As the American Presidential race is currently running at fevered pitch, the press—ever watchful and observant, and always acting on our behalf—alert the public to everything about the candidates from what color their bed sheets were as a child to whether or not their fiber is presently effective.
We’re given a thorough evaluation of the big scale decisions they’ve made to the minutia of off-camera life, because who isn’t fascinated by the contents of our candidates’ glove compartments, right?
Things have certainly changed since our first president was elected in 1789, and since George Washington wasn’t scrutinized in the same fashion as today’s runners, he was fortunate enough to escape the prying eyes employed at present which would surely have made mincemeat of his past. I won’t go into the marijuana growing or the fact that he possessed only one real tooth, but the bit about his fervor as a distiller of whiskey and, according to some, one overenthusiastic with its intake, might have sent up a few red flags had he been trying to gain the popular vote at the time.
Abraham Lincoln didn’t exactly make hooch so much as sell it. Even his dad worked at a local distillery doing odd jobs when Abe was a babe.
As it turns out, it was a tricky time for Mr. Lincoln because of the Temperance movement. Owning a store in the backwoods of New Salem, one was forced to sell what the community needed (read: demanded). Whiskey was just as much a necessity as bacon, beeswax, and bee vomit (read: honey). Many criticized the man for participation in dram selling and voiced the opinion that those who sold liquor were minions of Satan. But Lincoln’s address to the Evangelicals of the reformed drinker movement is in essence summed up by Mahatma Gandhi’s quote, “Hate the sin and not the sinner.”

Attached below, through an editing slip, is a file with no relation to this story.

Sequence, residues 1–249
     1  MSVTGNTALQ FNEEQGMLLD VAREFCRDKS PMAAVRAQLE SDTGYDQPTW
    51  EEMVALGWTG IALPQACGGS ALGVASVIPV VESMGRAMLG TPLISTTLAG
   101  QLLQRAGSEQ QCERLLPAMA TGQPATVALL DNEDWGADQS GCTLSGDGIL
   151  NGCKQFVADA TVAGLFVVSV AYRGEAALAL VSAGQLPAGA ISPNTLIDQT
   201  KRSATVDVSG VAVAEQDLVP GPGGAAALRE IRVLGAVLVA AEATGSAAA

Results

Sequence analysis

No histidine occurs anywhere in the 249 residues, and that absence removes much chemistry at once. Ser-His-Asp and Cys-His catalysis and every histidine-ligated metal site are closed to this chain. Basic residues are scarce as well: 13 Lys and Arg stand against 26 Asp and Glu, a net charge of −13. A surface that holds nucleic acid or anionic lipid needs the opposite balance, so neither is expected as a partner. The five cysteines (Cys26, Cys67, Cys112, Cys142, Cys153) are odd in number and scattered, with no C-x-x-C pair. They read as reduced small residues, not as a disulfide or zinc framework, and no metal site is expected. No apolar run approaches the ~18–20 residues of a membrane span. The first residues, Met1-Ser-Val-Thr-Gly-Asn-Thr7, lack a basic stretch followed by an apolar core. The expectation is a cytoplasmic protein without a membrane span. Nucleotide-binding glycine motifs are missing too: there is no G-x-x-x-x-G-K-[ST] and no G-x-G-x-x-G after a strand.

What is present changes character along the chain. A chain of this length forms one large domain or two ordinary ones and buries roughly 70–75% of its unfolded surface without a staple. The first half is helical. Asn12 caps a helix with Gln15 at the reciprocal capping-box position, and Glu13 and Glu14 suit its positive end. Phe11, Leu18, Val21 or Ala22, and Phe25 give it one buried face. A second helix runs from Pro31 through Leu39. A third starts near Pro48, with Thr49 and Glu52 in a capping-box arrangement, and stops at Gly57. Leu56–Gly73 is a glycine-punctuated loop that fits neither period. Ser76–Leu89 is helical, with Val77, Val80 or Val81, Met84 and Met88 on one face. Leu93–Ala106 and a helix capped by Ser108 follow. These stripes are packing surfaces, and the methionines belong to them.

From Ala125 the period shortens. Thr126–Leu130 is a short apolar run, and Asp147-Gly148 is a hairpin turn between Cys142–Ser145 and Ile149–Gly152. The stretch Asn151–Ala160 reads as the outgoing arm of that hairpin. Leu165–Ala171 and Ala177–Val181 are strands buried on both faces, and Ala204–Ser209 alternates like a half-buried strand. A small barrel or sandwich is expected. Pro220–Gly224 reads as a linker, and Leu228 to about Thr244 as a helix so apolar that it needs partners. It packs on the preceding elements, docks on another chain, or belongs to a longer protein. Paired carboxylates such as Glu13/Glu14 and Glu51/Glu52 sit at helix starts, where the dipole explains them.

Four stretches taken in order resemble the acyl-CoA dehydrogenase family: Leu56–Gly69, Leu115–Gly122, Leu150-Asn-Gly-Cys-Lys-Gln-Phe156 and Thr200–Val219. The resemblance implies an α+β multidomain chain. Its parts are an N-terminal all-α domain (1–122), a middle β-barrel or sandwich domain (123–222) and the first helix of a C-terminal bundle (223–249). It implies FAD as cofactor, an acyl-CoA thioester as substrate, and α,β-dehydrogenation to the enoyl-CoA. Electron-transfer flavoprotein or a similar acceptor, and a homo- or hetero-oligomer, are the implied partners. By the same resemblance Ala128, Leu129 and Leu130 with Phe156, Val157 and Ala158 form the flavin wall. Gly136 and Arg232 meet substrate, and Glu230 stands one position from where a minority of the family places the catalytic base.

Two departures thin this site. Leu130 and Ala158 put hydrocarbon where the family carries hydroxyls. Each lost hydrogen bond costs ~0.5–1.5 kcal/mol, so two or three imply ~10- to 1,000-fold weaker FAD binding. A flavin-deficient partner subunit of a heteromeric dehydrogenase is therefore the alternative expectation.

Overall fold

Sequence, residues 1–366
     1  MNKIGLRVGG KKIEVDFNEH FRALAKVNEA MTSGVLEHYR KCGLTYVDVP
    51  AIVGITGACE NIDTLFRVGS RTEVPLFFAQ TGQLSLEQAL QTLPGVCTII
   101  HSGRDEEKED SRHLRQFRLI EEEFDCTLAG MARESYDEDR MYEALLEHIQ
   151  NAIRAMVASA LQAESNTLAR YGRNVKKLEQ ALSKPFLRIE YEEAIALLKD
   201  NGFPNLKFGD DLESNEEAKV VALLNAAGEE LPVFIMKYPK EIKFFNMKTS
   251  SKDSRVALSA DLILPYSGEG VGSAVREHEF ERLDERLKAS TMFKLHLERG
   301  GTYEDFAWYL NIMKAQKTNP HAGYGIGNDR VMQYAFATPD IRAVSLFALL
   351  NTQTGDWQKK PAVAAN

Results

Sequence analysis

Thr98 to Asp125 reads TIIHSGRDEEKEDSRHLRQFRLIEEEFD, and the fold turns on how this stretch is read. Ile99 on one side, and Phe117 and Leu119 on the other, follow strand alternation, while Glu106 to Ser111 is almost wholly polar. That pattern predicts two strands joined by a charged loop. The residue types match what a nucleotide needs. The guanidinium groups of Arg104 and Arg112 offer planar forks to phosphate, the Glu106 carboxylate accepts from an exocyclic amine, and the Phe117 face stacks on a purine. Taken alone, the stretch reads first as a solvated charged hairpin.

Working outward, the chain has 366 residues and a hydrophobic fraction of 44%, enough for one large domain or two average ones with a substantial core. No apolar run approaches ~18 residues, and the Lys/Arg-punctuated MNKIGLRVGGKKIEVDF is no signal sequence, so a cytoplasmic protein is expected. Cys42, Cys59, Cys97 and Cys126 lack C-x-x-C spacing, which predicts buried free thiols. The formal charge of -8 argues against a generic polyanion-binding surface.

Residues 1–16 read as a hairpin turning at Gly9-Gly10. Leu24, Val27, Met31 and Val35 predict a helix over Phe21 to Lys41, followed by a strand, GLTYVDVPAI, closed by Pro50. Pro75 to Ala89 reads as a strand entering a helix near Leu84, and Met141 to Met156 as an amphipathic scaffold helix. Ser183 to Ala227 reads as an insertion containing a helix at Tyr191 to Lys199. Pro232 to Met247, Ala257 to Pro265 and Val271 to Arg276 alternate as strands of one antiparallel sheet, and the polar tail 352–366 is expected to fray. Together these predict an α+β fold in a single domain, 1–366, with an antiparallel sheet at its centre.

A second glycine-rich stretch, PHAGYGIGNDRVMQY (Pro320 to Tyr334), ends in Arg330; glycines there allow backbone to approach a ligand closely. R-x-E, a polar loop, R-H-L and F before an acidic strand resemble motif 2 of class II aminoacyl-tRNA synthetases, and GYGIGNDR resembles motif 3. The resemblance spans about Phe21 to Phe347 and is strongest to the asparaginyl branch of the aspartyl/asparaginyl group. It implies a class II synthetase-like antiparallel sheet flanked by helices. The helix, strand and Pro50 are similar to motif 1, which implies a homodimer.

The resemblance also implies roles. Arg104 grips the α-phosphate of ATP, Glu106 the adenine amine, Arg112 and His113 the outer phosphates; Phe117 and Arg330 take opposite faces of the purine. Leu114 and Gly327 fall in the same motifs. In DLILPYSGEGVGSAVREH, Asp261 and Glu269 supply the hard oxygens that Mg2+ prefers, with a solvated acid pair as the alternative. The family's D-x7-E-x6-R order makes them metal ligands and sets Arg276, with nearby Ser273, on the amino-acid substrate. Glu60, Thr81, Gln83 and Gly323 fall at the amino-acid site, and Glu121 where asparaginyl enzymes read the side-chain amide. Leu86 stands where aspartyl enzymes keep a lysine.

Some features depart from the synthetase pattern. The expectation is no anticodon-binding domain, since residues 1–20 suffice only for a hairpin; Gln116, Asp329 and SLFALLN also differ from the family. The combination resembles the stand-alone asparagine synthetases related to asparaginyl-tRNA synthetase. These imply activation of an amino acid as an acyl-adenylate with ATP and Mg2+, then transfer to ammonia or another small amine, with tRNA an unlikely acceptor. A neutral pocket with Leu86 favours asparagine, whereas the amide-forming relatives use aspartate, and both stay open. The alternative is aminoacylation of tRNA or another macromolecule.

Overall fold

I’m guessing Hollywood did not read that chapter in their history books and have gone ahead to reveal the long-hidden truth that Lincoln was, in fact, a vampire hunter and slayer. Again, I’m sure in modern times, some savvy journalist would have sniffed this bit out.
John Adams had a strong penchant for Madeira, cider and beer, complaining bitterly when it wasn’t available. And who could fault the guy? Anyone who starts smoking at the age of eight surely knows what will best cut the taste of nicotine first thing in the morning. Let’s give the kid a break.
James Buchanan could have qualified for the Olympic drinking team had there been one, as his capacity for drink—namely old rye, champagne, Jacob Baer Whiskey and cognac—could rival the recycling bin of your average frat house.
Grover Cleveland “enjoyed” his beer—as much as four to eight bottles of it a day—which left him with a beer gut that mirrored the great Buddha belly.
What can be said of Thomas Jefferson, apart from the fact that the man not only knew his wines, but endeavored to grow them?
Our founding fathers ran up an epic bar tab in Philadelphia’s City Tavern at a dinner to honor George Washington a couple of days before penning their signatures to the Constitution, including eight bottles of whisky, twelve of beer, seven bowls of alcoholic punch, 22 bottles of porter, eight of hard cider, 54 bottles of Madeira and 60 of claret. That was divided between the 55 delegates to the Constitutional Convention.
It’s no wonder most of their signatures are illegible.
I think the lesson learned here is not so much one that suggests all of the fellahs reviewed were supremely lucky to get away with the swilling habits of most sailors on ship leave, but one that will have you realizing what thirsty work governing America truly is.